Does decorative gift packaging enhance a recipient's excitement?
Giving and receiving gifts is a hallmark of the holidays. You probably remember being a kid and feeling the excitement of unwrapping presents. As we become adults, the wonderful tradition of gift exchanges continues amongst friends and family, though perhaps with a bit less fanfare.
Overtime, it’s easy to become a bit more complacent with gift giving. We may put less thought into the gifts we give, and particularly the packaging in which we give them. It’s what’s on the inside that counts, right? Maybe.
Could one key to keeping the excitement of gift giving alive be the wrapping? We could see it going either way. On the one hand, wrapping gifts in a decorative box or bag is a tradition. But in a previous experiment we found that color doesn’t always make us like something more.
To find out whether decorative gift packaging ignites our excitement for gifts, we ran a simple experiment.
We recruited 400 people from Amazon Mechanical Turk to participate in a vignette study (i.e., a hypothetical scenario) about receiving a gift from a friend that comes in either a plain brown paper bag or a colorful gift bag, randomly assigned.
Participants were told to “Imagine a friend of yours comes to visit during the holidays and says they got you a gift. They hand you the bag pictured below. (The item in the bag will be part of the next scenario, on the next page).” Participants then viewed one of the five images below, randomized equally.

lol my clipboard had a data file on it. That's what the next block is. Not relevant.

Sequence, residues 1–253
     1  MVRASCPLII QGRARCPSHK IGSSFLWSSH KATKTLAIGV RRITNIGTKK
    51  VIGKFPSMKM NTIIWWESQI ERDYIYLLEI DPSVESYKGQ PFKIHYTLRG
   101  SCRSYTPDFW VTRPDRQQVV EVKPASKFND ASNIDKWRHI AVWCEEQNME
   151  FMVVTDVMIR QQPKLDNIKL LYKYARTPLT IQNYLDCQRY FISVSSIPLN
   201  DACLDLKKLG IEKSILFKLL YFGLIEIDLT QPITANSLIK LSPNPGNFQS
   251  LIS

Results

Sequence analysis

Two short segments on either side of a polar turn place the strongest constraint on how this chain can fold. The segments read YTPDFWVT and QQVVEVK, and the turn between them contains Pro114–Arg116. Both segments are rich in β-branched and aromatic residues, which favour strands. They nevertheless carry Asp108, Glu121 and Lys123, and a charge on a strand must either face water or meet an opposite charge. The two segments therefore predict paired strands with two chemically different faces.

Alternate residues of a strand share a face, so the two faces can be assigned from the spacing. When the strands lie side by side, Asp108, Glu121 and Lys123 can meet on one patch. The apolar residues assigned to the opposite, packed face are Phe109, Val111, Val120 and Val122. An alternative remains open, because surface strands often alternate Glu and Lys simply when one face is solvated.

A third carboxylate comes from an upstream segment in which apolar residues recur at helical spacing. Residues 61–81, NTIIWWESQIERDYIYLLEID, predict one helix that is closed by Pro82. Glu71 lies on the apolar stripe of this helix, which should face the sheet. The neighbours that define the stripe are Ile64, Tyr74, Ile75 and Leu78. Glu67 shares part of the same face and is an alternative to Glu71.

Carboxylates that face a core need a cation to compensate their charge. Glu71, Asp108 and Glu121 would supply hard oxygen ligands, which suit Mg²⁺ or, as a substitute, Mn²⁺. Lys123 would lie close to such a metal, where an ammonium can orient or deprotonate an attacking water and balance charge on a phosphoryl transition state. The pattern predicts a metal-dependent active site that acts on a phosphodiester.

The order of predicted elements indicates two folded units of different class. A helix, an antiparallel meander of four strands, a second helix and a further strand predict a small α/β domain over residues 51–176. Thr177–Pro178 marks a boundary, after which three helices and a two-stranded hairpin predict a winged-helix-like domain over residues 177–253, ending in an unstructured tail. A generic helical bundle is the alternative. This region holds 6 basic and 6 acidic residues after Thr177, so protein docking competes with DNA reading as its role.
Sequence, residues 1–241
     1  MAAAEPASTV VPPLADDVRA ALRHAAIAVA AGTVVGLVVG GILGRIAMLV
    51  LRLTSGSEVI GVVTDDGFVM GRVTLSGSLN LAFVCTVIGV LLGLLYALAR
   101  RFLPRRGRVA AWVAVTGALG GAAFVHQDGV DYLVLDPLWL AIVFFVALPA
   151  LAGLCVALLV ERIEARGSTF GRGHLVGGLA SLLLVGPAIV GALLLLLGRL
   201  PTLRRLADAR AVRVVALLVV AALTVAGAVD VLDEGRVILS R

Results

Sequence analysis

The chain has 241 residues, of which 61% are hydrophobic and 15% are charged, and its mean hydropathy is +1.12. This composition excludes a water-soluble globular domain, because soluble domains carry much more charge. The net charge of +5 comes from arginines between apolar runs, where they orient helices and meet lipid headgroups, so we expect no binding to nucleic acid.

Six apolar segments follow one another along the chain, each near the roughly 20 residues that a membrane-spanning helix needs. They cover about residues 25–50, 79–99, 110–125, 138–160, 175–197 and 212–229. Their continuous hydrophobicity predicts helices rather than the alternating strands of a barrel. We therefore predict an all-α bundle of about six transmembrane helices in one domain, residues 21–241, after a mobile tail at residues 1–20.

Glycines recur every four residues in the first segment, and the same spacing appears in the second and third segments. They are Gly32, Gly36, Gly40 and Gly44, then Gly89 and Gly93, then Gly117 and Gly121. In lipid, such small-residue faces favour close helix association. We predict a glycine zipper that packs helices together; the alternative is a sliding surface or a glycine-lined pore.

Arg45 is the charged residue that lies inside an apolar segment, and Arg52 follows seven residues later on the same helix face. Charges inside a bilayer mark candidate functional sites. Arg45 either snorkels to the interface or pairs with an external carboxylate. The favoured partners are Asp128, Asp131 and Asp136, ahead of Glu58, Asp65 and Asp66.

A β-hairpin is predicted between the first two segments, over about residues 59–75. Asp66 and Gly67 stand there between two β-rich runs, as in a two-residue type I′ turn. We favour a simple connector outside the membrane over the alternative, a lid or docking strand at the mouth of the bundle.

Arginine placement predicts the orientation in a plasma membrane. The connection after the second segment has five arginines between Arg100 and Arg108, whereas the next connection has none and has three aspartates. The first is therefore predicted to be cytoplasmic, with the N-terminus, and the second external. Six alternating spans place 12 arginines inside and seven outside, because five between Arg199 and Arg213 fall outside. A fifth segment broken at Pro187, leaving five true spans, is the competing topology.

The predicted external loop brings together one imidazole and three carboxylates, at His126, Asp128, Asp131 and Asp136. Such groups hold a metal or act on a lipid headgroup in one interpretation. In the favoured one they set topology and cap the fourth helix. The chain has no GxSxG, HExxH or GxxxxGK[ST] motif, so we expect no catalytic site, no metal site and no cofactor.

Participants were then asked, “How excited are you to open this gift? (1 = Not at all, 7 = Extremely)” using a 1-7 scale.
An independent samples t-test revealed no significant difference in excitement when our hypothetical gift was illustrated via plain brown paper bag (avg. = 5.44) versus a colorful gift bag (avg. = 5.61), (p = 0.191). The figure below presents these results graphically. There were no significant differences between the colors of bags, nor were there any interactions with age or gender.
It looks like gift recipients might not care so much about what’s on the outside. But do we care about what’s on the inside? More specifically, do we care about how expensive the gift is, or is it truly just the thought that counts? Check out our next experiment to find out.
Daniel Brown is an award-winning researcher, social scientist, and founder of AB Labs. He holds a doctorate in Management from Harvard University and has conducted over 100 randomized controlled trials in social psychology.